First quarter
- Tight end formation for Graham; short crossing route bumped by a linebacker along the route; incomplete screen pass to Mark Ingram
- Inside receiver; seam route into a post; bumped off the line; linebacker in front and a safety behind; looked like Brees wanted to go to Graham; checkdown to Khiry Robinson for 13 yards
- Lone receiver to Brees' left, single coverage; play looked to be a designed screen with Graham trying to block; minus-3-yard screen pass to Darren Sproles
- Slot receiver to Brees' left; single coverage on a 5-yard out route; looked like another designed screen resulting in a Sproles 9-yard reception

Second quarter
- Lone receiver to Brees' left, single coverage and good coverage on a go route up the sideline, Brees looked Graham's way first and is forced to look elsewhere, ball sails too high to Lance Moore over the middle for an incomplete pass
- Tight end formation with hand to the ground, but outside tight end with Josh Hill and Benjamin Watson inside of Graham along the line; Graham gets a free release on a quick slant; play wasn't designed for Graham as Brees rolled right and threw an incomplete pass to Hill
- Inside receiver to Brees' right; Graham ran a quick turnaround at the first-down marker; two Seahawks settled in on Graham; Brees pumped into his direction, tucked the ball and had his pass intended for Colston batted down on fourth down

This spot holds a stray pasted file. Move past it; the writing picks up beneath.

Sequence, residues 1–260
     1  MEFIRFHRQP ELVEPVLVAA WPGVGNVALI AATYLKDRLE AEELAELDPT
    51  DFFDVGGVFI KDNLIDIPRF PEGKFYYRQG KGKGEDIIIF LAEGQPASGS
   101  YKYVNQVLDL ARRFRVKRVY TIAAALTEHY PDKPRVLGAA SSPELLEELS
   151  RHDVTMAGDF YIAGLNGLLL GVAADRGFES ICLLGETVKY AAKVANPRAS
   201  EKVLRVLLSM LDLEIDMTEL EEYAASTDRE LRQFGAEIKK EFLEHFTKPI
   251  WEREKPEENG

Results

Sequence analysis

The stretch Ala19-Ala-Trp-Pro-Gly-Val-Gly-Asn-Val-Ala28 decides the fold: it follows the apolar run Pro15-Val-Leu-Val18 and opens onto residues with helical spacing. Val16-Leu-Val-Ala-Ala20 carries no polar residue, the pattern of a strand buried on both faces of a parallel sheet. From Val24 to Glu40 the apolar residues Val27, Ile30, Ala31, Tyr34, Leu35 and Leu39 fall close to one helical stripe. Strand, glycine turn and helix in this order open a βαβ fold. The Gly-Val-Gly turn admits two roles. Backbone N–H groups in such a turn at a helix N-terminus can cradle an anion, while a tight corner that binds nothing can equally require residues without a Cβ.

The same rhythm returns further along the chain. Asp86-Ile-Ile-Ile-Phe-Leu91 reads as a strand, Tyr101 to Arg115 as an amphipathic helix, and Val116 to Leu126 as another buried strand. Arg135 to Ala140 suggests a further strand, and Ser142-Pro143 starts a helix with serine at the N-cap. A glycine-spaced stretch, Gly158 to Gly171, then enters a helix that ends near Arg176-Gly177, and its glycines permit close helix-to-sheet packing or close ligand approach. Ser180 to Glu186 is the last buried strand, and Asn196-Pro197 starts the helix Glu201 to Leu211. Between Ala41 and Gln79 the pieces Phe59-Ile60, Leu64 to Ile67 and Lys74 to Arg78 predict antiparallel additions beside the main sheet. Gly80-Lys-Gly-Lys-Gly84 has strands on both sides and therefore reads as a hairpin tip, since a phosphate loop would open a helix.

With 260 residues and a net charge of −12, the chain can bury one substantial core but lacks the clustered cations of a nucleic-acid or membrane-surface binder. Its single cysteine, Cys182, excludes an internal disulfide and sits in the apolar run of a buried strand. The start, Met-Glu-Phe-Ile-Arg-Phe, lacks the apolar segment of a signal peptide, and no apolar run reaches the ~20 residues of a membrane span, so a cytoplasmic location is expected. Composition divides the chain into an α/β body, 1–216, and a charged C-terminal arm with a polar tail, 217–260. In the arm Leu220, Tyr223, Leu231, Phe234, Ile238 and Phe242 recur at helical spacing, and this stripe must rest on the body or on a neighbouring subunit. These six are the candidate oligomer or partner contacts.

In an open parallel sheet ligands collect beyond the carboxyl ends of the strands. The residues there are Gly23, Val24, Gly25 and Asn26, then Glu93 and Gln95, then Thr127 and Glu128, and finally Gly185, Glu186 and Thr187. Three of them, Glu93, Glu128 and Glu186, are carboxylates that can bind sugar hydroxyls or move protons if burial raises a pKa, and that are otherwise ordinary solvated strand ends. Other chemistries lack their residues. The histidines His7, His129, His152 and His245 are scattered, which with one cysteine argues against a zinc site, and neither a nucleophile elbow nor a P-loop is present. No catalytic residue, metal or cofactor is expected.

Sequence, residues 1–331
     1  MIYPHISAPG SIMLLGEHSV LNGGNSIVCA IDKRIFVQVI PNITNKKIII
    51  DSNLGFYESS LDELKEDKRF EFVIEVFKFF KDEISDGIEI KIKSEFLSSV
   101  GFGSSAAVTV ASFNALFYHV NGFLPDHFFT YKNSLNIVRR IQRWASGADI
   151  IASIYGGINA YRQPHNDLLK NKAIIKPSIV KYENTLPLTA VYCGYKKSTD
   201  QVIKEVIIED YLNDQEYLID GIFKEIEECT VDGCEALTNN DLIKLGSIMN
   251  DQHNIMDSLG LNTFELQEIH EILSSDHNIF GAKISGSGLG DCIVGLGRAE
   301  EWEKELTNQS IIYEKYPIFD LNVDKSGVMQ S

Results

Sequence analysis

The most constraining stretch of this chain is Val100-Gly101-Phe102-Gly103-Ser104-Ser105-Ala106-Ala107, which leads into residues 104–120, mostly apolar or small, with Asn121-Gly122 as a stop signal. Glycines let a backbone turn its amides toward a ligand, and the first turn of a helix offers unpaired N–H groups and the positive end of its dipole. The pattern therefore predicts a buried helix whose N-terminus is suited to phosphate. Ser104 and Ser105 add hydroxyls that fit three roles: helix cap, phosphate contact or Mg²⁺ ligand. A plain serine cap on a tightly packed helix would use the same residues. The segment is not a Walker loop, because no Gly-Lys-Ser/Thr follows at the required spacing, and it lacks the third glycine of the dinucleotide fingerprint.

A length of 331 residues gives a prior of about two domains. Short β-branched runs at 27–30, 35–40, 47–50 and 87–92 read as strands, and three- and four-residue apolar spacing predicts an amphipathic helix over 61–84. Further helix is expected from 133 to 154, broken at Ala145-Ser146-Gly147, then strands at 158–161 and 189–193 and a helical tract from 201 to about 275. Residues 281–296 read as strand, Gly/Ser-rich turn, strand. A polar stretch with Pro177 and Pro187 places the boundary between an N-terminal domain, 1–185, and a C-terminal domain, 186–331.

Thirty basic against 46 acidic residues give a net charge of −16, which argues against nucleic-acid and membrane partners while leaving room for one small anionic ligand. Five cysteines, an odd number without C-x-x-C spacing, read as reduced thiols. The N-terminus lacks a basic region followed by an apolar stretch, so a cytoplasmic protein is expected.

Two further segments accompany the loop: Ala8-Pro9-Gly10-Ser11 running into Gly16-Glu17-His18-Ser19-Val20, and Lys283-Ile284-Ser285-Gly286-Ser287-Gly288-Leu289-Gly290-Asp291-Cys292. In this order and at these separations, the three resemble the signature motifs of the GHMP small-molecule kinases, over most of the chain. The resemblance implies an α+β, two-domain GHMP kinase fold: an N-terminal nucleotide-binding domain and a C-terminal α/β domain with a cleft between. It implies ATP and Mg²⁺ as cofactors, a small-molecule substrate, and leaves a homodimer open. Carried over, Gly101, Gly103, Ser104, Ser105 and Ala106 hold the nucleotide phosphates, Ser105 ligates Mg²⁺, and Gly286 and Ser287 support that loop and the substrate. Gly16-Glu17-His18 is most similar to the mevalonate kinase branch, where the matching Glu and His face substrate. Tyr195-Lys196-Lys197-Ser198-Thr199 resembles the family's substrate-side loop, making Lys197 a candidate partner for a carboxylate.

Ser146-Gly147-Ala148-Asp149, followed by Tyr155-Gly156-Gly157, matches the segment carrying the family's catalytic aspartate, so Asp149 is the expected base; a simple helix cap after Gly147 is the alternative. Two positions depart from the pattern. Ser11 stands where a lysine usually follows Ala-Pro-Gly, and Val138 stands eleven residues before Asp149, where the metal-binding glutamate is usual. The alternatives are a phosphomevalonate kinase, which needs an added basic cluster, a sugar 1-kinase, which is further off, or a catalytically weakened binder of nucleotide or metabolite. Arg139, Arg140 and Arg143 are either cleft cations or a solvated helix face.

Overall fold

- Inside receiver to Brees' right in trips formation; short seam route with a linebacker in front of Graham; a Colston 9-yard reception
- First target; inside receiver to Brees' right in trips formation; intermediate seam route; Brees threw an incomplete pass to Graham as safety Earl Thomas flew over Graham's back to break up the pass; Graham looked for a flag, but Thomas had perfect timing
- Inside receiver to Brees' right in trips formation; deeper seam route; one defender in front of Graham and two behind him; incomplete to Colston

Third quarter
- Lone receiver to Brees' left; single coverage; Graham ran a go route, but looked like he was more clearing out his defender to open up the middle of the field; Colston hauled in a 16-yard reception thanks to the clear out; Graham also laid a block on a second defender to keep him out of the play
- Tight end formation with hand to the ground with Watson lined up inside of Graham; Graham ran about a 10-yard crossing pattern with a linebacker drifting in front of Graham in coverage; Robert Meachem 17-yard reception